How Vancouver’s anti-cigarette butt crusade reached Poland

There’s an old saying in rock ‘n’ roll: Always play your heart out because you never know who’s in the room. The same goes for writing: You never know who’s reading.

Case in point: A few months ago, I wrote a piece venting my frustration at the proliferation of irresponsibly discarded cigarette butts all over Vancouver sidewalks, roads, parks and beaches. According to the city, Vancouver smokers litter an atrocious one million butts every single day, which is a weird irony that has emerged from our ever-tightening non-smoking laws.

article continues below

When smoking was allowed in restaurants and bars, pretty much everyone used an ashtray. Now people smoke outside and flick their butts into the street. Most of those butts end up in our waterways, into our oceans and onto our beaches. The Ocean Conservancy has stated that cigarette butts account for one in every five pieces of trash washed up on shore, which makes cigarette butts the most littered item on the planet. And the filters are toxic and non-biodegradable.

I heard from plenty of Vancouverites on both sides of this burning issue, including some smokers who actually defended their actions. One smoker told me he flicked his butts “because it’s fun.”

I was surprised to receive an email on the subject from Bogna Haponiuk. Originally from Warsaw, Poland, she’s currently an engineering student studying in Vienna, Austria. Somehow, she read my column, and wrote me a note about something she created called the Cigarette Butts Cleanup Calculator.

I had to know more, so I reached out to Haponiuk via email.

How could you relate to my column way over in Vienna?

I actually was in Kraków, Poland at that time. I must admit that I hadn’t really noticed that many cigarette butts on the ground. Reading your article led me to take a walk. I was absolutely shocked to see how omnipresent the butts are, and how easy it was to fill nine jars with a thousand cigarette butts. I decided that we need to speak up about this issue and show people how ubiquitous this type of pollution is. The walk led me to build a tool to raise awareness about the problem. That’s when I started reading more about the problem of cigarette butt pollution. I read through dozens of articles detailing why this is so common, and what could be done about it. I was looking for solutions, and the crow training you mentioned in your article definitely caught my interest.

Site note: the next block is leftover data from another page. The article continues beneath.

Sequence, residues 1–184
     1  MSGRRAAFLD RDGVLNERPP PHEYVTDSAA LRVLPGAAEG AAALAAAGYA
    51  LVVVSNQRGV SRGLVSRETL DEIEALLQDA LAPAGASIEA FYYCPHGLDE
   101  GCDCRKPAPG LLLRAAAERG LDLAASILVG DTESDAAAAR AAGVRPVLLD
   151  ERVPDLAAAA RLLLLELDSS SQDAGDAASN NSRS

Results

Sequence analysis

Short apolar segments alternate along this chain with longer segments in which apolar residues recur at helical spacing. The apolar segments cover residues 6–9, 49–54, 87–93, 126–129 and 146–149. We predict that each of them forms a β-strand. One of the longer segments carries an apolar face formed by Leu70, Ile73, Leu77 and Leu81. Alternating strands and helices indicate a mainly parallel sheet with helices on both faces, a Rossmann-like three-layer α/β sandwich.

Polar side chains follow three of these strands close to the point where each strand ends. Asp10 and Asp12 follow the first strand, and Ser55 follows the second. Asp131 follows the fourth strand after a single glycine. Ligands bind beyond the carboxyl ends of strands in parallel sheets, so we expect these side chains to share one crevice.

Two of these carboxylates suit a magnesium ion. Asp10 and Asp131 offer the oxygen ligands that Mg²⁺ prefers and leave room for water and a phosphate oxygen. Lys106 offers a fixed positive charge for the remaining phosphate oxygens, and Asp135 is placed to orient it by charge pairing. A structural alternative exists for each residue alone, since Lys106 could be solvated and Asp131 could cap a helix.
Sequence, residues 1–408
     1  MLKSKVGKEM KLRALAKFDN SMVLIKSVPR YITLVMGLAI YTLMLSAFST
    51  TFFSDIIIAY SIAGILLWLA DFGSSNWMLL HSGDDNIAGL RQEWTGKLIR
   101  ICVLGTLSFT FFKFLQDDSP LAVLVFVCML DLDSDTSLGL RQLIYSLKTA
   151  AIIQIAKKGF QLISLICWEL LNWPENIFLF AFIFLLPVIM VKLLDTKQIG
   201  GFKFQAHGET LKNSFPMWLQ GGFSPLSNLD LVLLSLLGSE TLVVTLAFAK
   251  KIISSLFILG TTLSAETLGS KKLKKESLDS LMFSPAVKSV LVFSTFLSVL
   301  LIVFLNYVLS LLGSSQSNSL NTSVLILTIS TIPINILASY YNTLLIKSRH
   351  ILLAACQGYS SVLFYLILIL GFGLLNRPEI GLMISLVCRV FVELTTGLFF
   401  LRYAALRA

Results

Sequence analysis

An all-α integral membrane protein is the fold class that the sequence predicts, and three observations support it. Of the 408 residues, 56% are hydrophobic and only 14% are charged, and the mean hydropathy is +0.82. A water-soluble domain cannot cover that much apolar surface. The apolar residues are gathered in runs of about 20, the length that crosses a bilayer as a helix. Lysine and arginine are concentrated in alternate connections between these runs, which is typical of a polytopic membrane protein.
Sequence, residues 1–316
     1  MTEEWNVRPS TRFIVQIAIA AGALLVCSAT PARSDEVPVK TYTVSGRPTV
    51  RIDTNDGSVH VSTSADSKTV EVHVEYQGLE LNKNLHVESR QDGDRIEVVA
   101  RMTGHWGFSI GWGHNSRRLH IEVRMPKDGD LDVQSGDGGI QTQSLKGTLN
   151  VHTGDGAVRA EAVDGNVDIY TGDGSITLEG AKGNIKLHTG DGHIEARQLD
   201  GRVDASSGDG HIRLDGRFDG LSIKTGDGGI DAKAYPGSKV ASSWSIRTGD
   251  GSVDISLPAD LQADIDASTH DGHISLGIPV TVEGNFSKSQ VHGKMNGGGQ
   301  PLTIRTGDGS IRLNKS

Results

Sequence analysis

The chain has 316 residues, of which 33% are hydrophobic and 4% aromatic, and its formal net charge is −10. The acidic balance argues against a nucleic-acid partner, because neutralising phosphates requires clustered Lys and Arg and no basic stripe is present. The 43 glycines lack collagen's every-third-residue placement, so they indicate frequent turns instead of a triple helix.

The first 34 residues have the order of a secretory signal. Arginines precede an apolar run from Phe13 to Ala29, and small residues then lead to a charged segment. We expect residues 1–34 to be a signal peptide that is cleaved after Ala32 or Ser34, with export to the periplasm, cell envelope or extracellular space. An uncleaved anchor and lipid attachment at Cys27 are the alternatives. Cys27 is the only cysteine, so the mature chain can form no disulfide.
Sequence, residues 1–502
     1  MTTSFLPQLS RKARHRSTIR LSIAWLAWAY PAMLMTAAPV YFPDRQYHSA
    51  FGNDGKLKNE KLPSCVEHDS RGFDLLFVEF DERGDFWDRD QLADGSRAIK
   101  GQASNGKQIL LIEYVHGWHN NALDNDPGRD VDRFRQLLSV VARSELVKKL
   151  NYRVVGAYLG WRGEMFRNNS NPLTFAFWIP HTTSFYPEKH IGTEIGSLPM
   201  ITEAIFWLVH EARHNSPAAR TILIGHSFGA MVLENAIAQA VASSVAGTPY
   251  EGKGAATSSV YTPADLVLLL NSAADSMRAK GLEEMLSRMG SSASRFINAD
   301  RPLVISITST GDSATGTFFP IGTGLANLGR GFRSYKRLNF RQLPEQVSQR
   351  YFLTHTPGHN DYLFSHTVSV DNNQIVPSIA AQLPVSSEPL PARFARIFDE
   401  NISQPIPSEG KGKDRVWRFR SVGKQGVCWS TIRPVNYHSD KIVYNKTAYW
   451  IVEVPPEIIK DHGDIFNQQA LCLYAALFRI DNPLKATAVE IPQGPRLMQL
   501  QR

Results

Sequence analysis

Right, that was a Dutch initiative where they were going to train crows to collect butts, but among other reasons, they cancelled the program because it would have been too hazardous for the health of crows, which says a lot. What surprised you most in your research?

The thing that surprised me the most is that more than two in three smoked cigarettes are flicked to the ground, which means that the problem is not about ashtrays. Here in Europe they are installed everywhere, but most cigarette butts are dropped within 10 feet from an ashtray. The problem is the widespread acceptance and viewpoint that cigarette butts are not trash.

You mentioned that you filled jars with cigarette butts. That’s an actual clean up initiative, isn’t it?

Yes, on July 31, three French teenagers started a campaign against cigarette butts. They collected cigarette butts in a bottle and posted the picture on Twitter, and launched the hashtag #FillTheBottle. Since then, the hashtag has gone viral, causing hundreds of people to clean up as a protest to the flood of cigarette butt litter.

Tell me about the tool you built. What is the Cigarette Butts Cleanup Calculator? How does it work?

I built it together with the Omni Calculator Project, which is a site that allows you to solve every day problems through calculation. The Cigarette Butts Cleanup Calculator shows you what will be the tangible effects of your clean up, whether it’s a one-off thing or a regular commitment. My tool tells you not only how many cigarette butts you’re able to pick up in a given time, but also how many litres of ocean water you will save from contamination, and how many pounds of plastic litter will not wind up on our beaches. Small contributions add up to huge numbers; for example, by committing to collecting butts just 20 minutes a week, you’ll save 5,000 litres of water in a year.

Wow, that’s very inspiring when you put it like that. Thank you for reading and thanks for your efforts, Bogna! What's next for you?

I will continue spreading awareness on this issue, but I’m also planning to build more calculators that help people solve their problems. Canadians might be interested in my Snow Load Calculator, after all, winter is coming :)

@grantlawrence

grantlawrence12@gmail.com

 

 

Read Related Topics

Comments

NOTE: To post a comment you must have an account with at least one of the following services: Disqus, Facebook, Twitter, Google+ You may then login using your account credentials for that service. If you do not already have an account you may register a new profile with Disqus by first clicking the "Post as" button and then the link: "Don't have one? Register a new profile".

The Vancouver Courier welcomes your opinions and comments. We do not allow personal attacks, offensive language or unsubstantiated allegations. We reserve the right to edit comments for length, style, legality and taste and reproduce them in print, electronic or otherwise. For further information, please contact the editor or publisher, or see our Terms and Conditions.

comments powered by Disqus

Popular Vancouver Courier

Sign Up For Our e-Newsletter!